Learning: for Love or Money? I Oxford Open Learning

Learning: for Love or Money?

Should you study for the sake of learning, or solely to train for a career? It might sound like a simple, even silly question, but it’s one that’s more substantial and difficult to answer than you first might think.

Thirty years ago, having a degree of any kind usually guaranteed a relatively well paid, professional career. However, in 2015, the financial and employment climates are tough, unyielding and highly competitive. It makes sense that if you are embarking on a degree course, it should be one that is highly likely to result in a job and career. Vocational courses such as engineering, IT and medicine are often chosen for this reason. However, it is often difficult for young people to choose the right course, especially when they are still at school. Learning has its own merit, and has many positive effects on the individual. There is also a lot to recommend the idea that getting involved in a subject that really, specifically interests you will lead to success.

If you are choosing to study for a degree, you might be lucky enough to have a relatively wealthy family who will support you financially. However, most people get through their undergraduate years with a combination of student loans, parental help and part time jobs. If you are investing in yourself to the extent that you are borrowing money, working hard and getting support, it makes sense that you will want to see a return on that investment. That could come in the form of a successful, well paid career. Home ownership is currently an unattainable goal for many people, as the requirements in terms of a deposit and income are much more stringent than they were 20 years ago. If you are able to buy your own home because of a successful career founded on a carefully chosen degree course, you will have achieved security and stability for yourself and your family. Financial stability is not necessarily an indicator of happiness, however, but undoubtedly it does add to your quality of life.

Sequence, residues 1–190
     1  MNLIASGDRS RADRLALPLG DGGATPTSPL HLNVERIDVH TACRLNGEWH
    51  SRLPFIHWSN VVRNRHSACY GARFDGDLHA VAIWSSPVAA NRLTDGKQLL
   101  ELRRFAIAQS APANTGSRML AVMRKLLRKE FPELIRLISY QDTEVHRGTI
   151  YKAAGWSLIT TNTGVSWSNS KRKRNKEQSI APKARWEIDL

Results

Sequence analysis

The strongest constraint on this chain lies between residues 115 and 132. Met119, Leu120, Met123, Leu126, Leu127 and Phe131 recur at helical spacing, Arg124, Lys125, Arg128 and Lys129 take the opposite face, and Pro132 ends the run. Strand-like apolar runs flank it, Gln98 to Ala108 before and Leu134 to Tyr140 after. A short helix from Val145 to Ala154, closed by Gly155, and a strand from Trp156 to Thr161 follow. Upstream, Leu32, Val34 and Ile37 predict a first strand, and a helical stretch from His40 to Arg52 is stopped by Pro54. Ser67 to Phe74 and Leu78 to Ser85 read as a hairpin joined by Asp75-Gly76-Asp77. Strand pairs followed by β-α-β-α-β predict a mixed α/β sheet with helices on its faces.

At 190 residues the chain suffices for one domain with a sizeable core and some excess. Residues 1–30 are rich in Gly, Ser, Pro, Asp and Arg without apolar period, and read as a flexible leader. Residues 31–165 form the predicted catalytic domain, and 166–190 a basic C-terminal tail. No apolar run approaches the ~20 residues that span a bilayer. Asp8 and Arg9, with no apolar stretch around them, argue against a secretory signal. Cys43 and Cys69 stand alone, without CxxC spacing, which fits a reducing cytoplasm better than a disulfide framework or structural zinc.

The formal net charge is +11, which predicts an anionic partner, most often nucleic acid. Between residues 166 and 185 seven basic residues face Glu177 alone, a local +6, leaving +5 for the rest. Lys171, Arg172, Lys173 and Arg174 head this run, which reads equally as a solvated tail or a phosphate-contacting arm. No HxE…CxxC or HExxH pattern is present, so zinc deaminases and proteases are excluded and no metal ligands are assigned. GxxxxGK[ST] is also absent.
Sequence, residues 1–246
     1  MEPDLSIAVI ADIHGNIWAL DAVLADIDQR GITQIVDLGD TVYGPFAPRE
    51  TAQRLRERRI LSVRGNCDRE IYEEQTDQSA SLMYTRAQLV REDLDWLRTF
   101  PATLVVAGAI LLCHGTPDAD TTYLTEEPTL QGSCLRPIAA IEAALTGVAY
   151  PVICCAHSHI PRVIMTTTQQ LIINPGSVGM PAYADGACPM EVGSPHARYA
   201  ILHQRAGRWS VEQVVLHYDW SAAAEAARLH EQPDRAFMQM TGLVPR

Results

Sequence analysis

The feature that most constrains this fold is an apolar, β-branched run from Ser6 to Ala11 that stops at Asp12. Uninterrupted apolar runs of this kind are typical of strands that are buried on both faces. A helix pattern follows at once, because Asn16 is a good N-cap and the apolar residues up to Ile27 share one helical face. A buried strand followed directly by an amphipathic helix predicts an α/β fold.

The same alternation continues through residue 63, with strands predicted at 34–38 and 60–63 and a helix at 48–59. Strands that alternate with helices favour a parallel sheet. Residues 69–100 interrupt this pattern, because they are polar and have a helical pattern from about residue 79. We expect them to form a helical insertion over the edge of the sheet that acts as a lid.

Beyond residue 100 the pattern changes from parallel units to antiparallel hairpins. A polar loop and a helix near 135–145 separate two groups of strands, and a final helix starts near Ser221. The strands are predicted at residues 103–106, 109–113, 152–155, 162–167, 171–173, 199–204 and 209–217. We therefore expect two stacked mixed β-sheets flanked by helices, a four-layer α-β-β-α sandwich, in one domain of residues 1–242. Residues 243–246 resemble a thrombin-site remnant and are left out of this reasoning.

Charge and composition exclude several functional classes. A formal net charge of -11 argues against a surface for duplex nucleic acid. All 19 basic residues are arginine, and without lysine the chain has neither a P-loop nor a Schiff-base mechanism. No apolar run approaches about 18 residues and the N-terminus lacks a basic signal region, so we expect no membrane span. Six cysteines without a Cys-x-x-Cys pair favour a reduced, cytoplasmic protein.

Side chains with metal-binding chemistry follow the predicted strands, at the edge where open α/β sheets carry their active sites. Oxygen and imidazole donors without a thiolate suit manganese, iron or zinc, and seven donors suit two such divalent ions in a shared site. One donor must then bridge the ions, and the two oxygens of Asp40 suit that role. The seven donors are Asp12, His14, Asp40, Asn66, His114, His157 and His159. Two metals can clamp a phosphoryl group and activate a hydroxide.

While there are many advantages to studying in order to train for a career, how do you know which path to choose? If you are deciding on a degree course whilst still at school, and living at home with your parents, how do you know that medicine, for example, is the career for you? Even if you are a little older, how do you choose a career with little or no experience of what is actually involved? If you would rather choose to study for the sake of learning, you’ll base your choice of degree on a subject that really interests you. As a result, reading and writing for your degree will not feel like a chore, as you’ll be genuinely enjoying extending your knowledge. Over the course of your time at university, you could discover career paths that you didn’t even know existed. The result could be that you have a job that brings a lot of fulfillment, rather than just a fat bank balance.

The point is that both approaches have their merits. One may be more practical, one more personal, but they are as worthwhile as each other. Studying any subject, whether for the sake of learning or to train for a career, will enhance the individual in many ways.

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I'm a former English teacher and private tutor who is passionate about education. I've been writing professionally for the past three years and have written educational worksheets for use in schools as well as contributing to an educational journal. I've also written on every other topic under the sun!

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